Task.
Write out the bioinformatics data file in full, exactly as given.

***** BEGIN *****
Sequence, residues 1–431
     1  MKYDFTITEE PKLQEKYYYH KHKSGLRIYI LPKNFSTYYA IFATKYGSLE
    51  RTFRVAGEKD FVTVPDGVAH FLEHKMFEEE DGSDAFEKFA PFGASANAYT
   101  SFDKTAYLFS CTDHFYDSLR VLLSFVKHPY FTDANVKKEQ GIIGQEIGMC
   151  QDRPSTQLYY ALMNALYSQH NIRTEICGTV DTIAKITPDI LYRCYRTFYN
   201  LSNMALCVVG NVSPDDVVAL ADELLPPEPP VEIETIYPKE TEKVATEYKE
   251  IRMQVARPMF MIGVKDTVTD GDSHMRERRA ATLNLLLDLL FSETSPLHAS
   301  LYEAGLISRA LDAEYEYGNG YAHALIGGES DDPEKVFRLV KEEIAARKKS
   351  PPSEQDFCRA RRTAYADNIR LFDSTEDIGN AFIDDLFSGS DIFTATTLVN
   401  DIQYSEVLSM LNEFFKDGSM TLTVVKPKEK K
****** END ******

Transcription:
Sequence, residues 1–431
     1  MKYDFTITEE PKLQEKYYYH KHKSGLRIYI LPKNFSTYYA IFATKYGSLE
    51  RTFRVAGEKD FVTVPDGVAH FLEHKMFEEE DGSDAFEKFA PFGASANAYT
   101  SFDKTAYLFS CTDHFYDSLR VLLSFVKHPY FTDANVKKEQ GIIGQEIGMC
   151  QDRPSTQLYY ALMNALYSQH NIRTEICGTV DTIAKITPDI LYRCYRTFYN
   201  LSNMALCVVG NVSPDDVVAL ADELLPPEPP VEIETIYPKE TEKVATEYKE
   251  IRMQVARPMF MIGVKDTVTD GDSHMRERRA ATLNLLLDLL FSETSPLHAS
   301  LYEAGLISRA LDAEYEYGNG YAHALIGGES DDPEKVFRLV KEEIAARKKS
   351  PPSEQDFCRA RRTAYADNIR LFDSTEDIGN AFIDDLFSGS DIFTATTLVN
   401  DIQYSEVLSM LNEFFKDGSM TLTVVKPKEK K